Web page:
Emilie Lieberherr

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Emilie Lieberherr
Emilie Lieberherr.jpg
Emilie Lieberherr (1986)
Born(1924-10-14)14 October 1924
Erstfeld, Switzerland
Died3 January 2011(2011-01-03) (aged 86)
Zollikerberg, Switzerland
Alma materUniversity of Bern

Emilie Lieberherr (October 14, 1924, Erstfeld - January 3, 2011, Zollikerberg;[1] place of origin in Zürich und Nesslau), was a Swiss politician (Social Democratic Party of Switzerland).

Early Life and Education[edit]

The second of three sisters, Emilie Lieberherr was born to a machinist and seamstress in Erstfeld in 1924.[2] She attended Theresianum Igenbohl, a Catholic boarding school during her youth and graduated with a commercial diploma. After graduating, she worked as a secretary at the Swiss Bank Corporation in Zurich for three years. In 1947, Lieberherr left the position to then work four years as a personal trainer at the Oscar Weber AG in Bern. Lieberherr later earned a doctorate in economics from the University of Bern after attending from the year 1952 to 1956. After earning her doctorate, she moved to the United States for three years during which time she worked as a governess for Henry Fonda, taking care of his children, Peter and Jane Fonda.[3] Returning to Switzerland in 1960, Lieberherr took a position as a vocational school teacher for sales staff in Zurich from 1960 to 1970.

Activism and Political Career[edit]

In 1961, Lieberherr co-founded the Consumer Forum of Switzerland. Towards the end of the 1960s, she became more politically involved, joining and becoming one of the leading figures in the movement of women's suffrage in Switzerland. Lieberherr became the President of the Action Committee that lead the March to Bern.[4] On March 1, 1969, she spoke to a crowd of thousands gathered in the Federal Square to demand the right to vote from the Swiss government.[5] Lieberherr joined the Social Democratic Party of Switzerland soon after [6] and from 1970 until 1994, when she resigned, she was the first female city councilor of the city of Zurich and the head of the Zurich Social Welfare Office.[7][8]

Lieberherr was the representative of the Canton of Zurich in the Federal Assembly from 1978 to 1983. She also served as the first President of the Federal Commission for Women's Issues in Switzerland.[2] Up to 1978, she was re-elected with support from the Social Democratic Party until she had a falling out with them in 1982. In 1986 she was re-elected again with support from the Zurich Trade Union Confederation. Lieberherr was officially excluded from the Social Democratic Party in 1990 for supporting Josef Estermann instead of the selected party candidate during the election for the City Executive Committee.

In 2014 Emilie Lieberherr's work was honoured by the Gesellschaft zu Fraumünster.[9][10]

Social Work[edit]

Aside from working as the head of social services for 24 years, Lieberherr did a lot of work for the public while in office. She was the co-initiator of the medically controlled distribution of heroin on Schwerstsuchtige and was involved in constructing the four pillar model of the Swiss drug policy.[2] She introduced alimony advance in Zurich and established the Foundation of Residential Care for the Elderly.[2] Throughout her time in office she also built twenty-two homes in Switzerland for the disenfranchised, established youth centers, and introduced programs for unemployed young adults.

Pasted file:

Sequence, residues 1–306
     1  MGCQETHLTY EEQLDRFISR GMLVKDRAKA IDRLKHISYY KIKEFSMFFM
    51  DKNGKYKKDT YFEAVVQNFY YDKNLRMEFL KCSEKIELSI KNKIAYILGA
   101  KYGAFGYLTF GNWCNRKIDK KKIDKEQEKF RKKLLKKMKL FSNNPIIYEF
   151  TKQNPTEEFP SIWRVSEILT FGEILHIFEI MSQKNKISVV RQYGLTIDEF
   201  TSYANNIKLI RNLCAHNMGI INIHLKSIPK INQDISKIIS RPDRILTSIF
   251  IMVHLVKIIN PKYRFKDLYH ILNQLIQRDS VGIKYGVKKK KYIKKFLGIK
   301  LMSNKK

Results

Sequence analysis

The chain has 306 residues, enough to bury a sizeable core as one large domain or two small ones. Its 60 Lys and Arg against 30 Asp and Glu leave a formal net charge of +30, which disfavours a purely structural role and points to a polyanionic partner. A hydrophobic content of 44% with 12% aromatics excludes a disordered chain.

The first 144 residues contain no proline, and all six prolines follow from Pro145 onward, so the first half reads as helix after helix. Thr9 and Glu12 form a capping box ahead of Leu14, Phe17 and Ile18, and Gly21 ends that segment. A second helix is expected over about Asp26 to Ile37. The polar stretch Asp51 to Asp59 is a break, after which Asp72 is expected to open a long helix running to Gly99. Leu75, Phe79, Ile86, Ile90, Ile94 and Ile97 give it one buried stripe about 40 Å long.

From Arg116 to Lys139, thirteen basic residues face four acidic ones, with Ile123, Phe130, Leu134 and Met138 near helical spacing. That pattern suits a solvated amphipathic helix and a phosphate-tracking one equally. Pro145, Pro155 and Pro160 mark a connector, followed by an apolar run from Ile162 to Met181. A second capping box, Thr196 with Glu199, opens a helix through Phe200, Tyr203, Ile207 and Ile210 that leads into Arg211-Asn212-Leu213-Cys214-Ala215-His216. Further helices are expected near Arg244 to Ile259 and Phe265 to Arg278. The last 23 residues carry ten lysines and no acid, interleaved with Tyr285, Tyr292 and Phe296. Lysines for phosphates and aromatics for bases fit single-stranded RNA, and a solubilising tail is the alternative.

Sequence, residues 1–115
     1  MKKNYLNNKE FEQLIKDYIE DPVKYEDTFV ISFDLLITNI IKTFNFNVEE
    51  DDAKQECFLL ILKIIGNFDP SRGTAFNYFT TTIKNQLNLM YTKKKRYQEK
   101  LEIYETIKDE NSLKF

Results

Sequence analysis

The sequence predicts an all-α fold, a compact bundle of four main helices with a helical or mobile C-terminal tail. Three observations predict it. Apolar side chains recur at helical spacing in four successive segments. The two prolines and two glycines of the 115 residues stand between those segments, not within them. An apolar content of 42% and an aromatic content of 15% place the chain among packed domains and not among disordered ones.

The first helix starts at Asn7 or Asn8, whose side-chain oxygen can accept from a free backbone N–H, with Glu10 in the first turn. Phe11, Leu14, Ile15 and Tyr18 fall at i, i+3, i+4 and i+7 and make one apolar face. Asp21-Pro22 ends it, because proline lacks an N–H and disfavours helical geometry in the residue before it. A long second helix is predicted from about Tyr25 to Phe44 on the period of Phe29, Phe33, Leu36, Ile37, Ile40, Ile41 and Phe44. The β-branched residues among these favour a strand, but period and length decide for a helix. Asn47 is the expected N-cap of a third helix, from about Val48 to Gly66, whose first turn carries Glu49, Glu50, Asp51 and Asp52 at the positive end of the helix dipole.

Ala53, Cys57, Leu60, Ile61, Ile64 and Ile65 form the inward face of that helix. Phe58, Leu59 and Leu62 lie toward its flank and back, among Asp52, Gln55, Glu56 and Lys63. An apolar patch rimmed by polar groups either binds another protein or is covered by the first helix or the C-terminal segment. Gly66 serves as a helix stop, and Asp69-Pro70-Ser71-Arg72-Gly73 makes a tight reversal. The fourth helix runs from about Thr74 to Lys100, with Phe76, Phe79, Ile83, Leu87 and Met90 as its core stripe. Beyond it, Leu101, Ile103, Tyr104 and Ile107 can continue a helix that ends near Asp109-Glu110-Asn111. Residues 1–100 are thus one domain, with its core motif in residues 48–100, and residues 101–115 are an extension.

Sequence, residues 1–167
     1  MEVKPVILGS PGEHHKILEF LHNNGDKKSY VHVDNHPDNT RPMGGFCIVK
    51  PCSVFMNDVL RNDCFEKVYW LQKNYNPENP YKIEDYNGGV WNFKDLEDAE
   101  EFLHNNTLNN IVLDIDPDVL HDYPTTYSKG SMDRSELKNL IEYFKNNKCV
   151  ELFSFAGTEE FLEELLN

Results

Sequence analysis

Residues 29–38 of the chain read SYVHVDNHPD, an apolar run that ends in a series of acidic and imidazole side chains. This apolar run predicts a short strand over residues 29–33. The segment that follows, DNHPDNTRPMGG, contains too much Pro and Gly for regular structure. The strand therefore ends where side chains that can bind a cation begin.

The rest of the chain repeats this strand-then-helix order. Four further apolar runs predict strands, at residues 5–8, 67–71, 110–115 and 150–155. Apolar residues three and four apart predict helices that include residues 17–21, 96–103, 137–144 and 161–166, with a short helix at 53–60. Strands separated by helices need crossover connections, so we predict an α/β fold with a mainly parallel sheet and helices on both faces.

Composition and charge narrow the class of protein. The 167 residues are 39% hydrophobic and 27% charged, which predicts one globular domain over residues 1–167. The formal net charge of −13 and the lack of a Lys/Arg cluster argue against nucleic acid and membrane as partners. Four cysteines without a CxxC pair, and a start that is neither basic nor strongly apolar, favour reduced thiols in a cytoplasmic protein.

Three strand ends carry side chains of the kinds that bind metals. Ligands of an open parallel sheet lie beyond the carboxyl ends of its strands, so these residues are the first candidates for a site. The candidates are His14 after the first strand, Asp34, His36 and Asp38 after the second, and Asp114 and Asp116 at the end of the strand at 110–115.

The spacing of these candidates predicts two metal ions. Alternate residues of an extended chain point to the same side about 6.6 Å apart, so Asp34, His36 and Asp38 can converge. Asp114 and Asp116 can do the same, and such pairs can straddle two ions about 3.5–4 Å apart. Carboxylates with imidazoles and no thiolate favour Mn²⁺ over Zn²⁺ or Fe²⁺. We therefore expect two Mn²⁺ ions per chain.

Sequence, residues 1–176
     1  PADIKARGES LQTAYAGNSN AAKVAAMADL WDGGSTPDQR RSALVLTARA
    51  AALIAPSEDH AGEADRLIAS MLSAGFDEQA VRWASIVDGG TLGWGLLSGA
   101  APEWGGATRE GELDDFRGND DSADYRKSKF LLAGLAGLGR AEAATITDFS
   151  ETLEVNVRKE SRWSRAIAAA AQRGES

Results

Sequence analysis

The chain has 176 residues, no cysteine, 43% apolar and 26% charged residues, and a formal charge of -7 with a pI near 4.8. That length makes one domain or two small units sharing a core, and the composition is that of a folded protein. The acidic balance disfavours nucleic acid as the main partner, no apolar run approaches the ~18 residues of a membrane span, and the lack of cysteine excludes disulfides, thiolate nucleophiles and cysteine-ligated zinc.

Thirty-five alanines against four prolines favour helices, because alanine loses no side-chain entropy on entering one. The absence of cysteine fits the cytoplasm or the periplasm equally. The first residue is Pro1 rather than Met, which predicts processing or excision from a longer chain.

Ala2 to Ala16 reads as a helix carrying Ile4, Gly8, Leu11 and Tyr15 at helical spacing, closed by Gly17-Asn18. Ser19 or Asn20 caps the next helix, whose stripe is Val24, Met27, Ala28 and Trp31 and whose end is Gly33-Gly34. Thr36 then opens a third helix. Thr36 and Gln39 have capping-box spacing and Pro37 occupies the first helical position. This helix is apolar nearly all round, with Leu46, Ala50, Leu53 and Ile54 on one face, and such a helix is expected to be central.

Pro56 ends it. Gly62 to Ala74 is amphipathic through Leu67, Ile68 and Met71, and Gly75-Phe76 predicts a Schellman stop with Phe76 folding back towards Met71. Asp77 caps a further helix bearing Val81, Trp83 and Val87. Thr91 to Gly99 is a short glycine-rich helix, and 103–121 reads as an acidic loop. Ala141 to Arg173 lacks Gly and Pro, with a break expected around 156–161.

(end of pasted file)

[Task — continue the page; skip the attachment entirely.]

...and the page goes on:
Youth protests of 1980[edit]

The further, for that time extremely high subventions, but lacking of alternative governmental cultural programs for the youth in Zürich, occurred in 1980 to the so-called Opernhauskrawalle youth protests – Züri brännt,[11] meaning Zürich is burning, documented in the Swiss documentary film Züri brännt (movie). The most prominent politician involved was Emilie Lieberherr, then member of the city's executive (Stadtrat) authorities.


  • Trudi of Fellenberg Bitzi: Emilie Lieberherr: pioneer of Swiss woman policy. NZZ Libro, Zürich 2019, ISBN 978-3-03810-408-7.



  1. ^ Ein Leben für Frauen und Bedürftige. In: Tages-Anzeiger. 5. Januar 2011.
  2. ^ a b c d EBG, Eidgenössisches Büro für die Gleichstellung von Frau und Mann. "Emilie Lieberherr (1924-2011)". www.ebg.admin.ch (in German). Retrieved 2019-04-23.
  3. ^ EBG, Eidgenössisches Büro für die Gleichstellung von Frau und Mann. "Emilie Lieberherr (1924-2011)". www.ebg.admin.ch (in German). Retrieved 2019-04-23.
  4. ^ swissinfo.ch, S. W. I.; Corporation, a branch of the Swiss Broadcasting. "The march for women's suffrage in Switzerland". SWI swissinfo.ch. Retrieved 2019-04-23.
  5. ^ "Extreme events and insurance: 2011 annus horribilis". The Geneva Reports. 4 (1): 19–164. 2014-09-01. doi:10.5848/geneva.6891.2014.0007. ISSN 1662-3738.
  6. ^ "CBS News/New York Times National Surveys, 1981". 1984-06-20. doi:10.3886/icpsr07991. Cite journal requires |journal= (help)
  7. ^ "52315, 1894-03-06, DICKINSON (William) M.D., St. Louis (Mo.) † ; LINDSAY (Louis F.), St. Louis (Mo.)". doi:10.1163/2210-7886_asc-52315. Cite journal requires |journal= (help)
  8. ^ EBG, Eidgenössisches Büro für die Gleichstellung von Frau und Mann. "Emilie Lieberherr (1924-2011)". www.ebg.admin.ch (in German). Retrieved 2019-04-23.
  9. ^ "Frauenehrungen" (in German). Gesellschaft zu Fraumünster. Retrieved 2014-11-30.
  10. ^ "Frauenehrungen der Gesellschaft zu Fraumünster" (PDF) (in German). Gesellschaft zu Fraumünster. 2014. Archived from the original (PDF) on 2015-02-07. Retrieved 2014-11-30. Cite uses deprecated parameter |deadurl= (help)
  11. ^ "10vor10 - TV - SRF Player" (in German). 10vor10. 2015-01-16. Retrieved 2015-01-16.